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Disorderly Devotion

Written by Rabbi Yehoshua Alt, 3/5/2020

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Fascinating Insights—The Sefer (in English)

Disorderly Devotion

Many people suffer from obsessive-compulsive disorder, known as OCD. One way it is expressed is through never-ending uncertainty about the satisfactory completion of tasks. Those with OCD are prone to repeatedly washing their hands due to concern of germs. For those who are Halacha observant, OCD can be especially severe since Halacha is demanding and detailed. Observant Jews with OCD may be unable to complete Brachos or Tefillos since they are in doubt as to whether they pronounced the words properly, which will make them recite the text repeatedly. Pesach preparations can be extremely stressful for those with OCD when they are cleaning for Chametz.[1] Typically treating OCD involves “exposure and response prevention” where the patient is trained not to respond compulsively to the situation that causes obsessive thoughts. So for one who is observant, it can mean not to repeat the Bracha or Tefilla text even if he knows he recited it improperly.


The Torah addresses not going overboard. The Mishna says אין חוששין שמא גררה חולדה מבית לבית וממקום למקום דאם כן מחצר לחצר ומעיר לעיר אין לדבר סוף,[2] we aren’t concerned that a weasel may have dragged Chametz from house to house or place to place, because if so, then let us be concerned from courtyard to courtyard and city to city. There would then be no end to the matter. We must realize that לא ניתנה תורה למלאכי השרת, the Torah wasn’t given to the ministering angels.[3] We are expected to be human, not perfect.


Rabbi Dr. Abraham Twerski related that one who suffers from OCD may not necessarily be reassured by the opinion of Halachic Authorities. One woman with OCD threw out three sets of dishes because she couldn’t accept the Rav's ruling that the dishes were perfectly Kosher, saying, “The Rav didn’t understand my question.”[4]


A boy named Yosef was admired by many boys in his Yeshiva since he Davened such a long Shemoneh Esrei, intensely engaged in Tefilla. However, his Rebbe knew the truth: Instead of davening with kavana, most of Yosef’s time in Shemoneh Esrei was spent agonizing over the possibility that he missed or mispronounced a word, compelling him to carefully repeat words and phrases over and over. Yosef was engaged in a torturous battle with himself. He sought the advice of his Rebbe, who tried to assure him not to worry. One time, his Rebbe told him, “I guarantee that you won’t be held accountable for missing a word of Tefilla. I promise that I will take you out of Gehinnom. Stop worrying!" Yosef continued to worry, but he was afraid to bring it up anymore with his Rebbe. As a result, he suffered in silence. This surely isn’t what the Torah wants as the Torah is דרכיה דרכי נעם וכל נתיבתיה שלום, its ways are ways of pleasantness and all of its pathways are peace.[5]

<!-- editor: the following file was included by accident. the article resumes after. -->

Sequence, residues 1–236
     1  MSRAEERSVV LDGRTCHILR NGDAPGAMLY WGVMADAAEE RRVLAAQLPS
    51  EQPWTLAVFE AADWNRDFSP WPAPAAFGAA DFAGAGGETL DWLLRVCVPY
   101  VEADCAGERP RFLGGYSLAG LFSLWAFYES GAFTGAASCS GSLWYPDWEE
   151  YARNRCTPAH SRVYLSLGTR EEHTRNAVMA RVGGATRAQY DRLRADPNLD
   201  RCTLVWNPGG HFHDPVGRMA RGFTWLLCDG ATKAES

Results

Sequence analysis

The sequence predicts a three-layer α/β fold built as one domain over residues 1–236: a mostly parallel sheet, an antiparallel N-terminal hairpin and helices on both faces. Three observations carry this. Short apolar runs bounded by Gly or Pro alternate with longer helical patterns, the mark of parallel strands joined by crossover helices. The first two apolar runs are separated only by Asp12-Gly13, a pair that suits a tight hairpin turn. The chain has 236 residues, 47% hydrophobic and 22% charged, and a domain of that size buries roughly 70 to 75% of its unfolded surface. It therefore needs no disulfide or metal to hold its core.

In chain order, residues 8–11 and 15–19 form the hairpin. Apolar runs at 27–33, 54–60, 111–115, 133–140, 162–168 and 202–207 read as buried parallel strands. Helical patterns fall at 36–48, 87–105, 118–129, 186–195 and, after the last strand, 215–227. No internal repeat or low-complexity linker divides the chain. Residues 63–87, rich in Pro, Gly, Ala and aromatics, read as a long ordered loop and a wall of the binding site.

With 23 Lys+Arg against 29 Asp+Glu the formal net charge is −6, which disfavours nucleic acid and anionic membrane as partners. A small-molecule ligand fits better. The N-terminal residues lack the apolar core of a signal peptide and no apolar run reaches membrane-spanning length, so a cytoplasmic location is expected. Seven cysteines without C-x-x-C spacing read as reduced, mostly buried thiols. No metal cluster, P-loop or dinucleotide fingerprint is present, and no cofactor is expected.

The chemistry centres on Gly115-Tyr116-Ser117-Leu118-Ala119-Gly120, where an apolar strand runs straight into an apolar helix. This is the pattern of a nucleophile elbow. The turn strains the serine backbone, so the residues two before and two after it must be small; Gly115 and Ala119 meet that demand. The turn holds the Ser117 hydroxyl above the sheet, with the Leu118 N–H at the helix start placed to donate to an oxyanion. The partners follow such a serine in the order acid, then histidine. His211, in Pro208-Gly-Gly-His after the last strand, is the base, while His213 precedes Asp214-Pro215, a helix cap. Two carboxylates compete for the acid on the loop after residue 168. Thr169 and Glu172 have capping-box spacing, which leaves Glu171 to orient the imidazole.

The question has been asked if restoring mental health is a good enough cause to knowingly allow one with OCD to fail to observe Mitzvos? For example, can a therapist train a patient not to repeat Brachos even when the patient is sure he missed a word? Can one with OCD continue Shema if he mispronounced or omitted some of the text? This question was addressed by the Steipler[6] (1899-1985) who wrote that the patient should be instructed to Daven from a Siddur and not to go back to recite any text that he fears may have been recited incorrectly or skipped. It is clear that according to Halacha one isn’t obligated to do more. The Steipler also says that a rabbi shouldn’t explain to one with OCD why he ruled it is permitted. Just say it without a reason. Otherwise, the person with OCD will counteract the ruling. 


This question was also posed to R’ Asher Wiess[7] who ruled that the OCD patient[8] must follow his therapist’s instructions for overcoming his disorder even at the expense of observing Mitzvos. He writes that man’s primary obligation is to do everything that is necessary for him to cure his illness, and to this end he is allowed even to violate the Torah’s commandments.